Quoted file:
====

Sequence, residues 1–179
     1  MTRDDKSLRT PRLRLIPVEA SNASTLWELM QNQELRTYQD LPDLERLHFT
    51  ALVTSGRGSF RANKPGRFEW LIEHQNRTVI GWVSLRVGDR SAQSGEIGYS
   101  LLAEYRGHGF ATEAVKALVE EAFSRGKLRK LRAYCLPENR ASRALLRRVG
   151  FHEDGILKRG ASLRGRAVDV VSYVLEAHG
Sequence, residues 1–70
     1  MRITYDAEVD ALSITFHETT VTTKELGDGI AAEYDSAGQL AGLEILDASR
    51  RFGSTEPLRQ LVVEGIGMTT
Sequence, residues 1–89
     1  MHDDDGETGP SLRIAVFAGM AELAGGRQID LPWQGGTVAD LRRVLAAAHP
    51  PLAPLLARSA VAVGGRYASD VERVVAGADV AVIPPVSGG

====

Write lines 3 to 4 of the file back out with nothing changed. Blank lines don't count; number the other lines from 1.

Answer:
    51  ALVTSGRGSF RANKPGRFEW LIEHQNRTVI GWVSLRVGDR SAQSGEIGYS
   101  LLAEYRGHGF ATEAVKALVE EAFSRGKLRK LRAYCLPENR ASRALLRRVG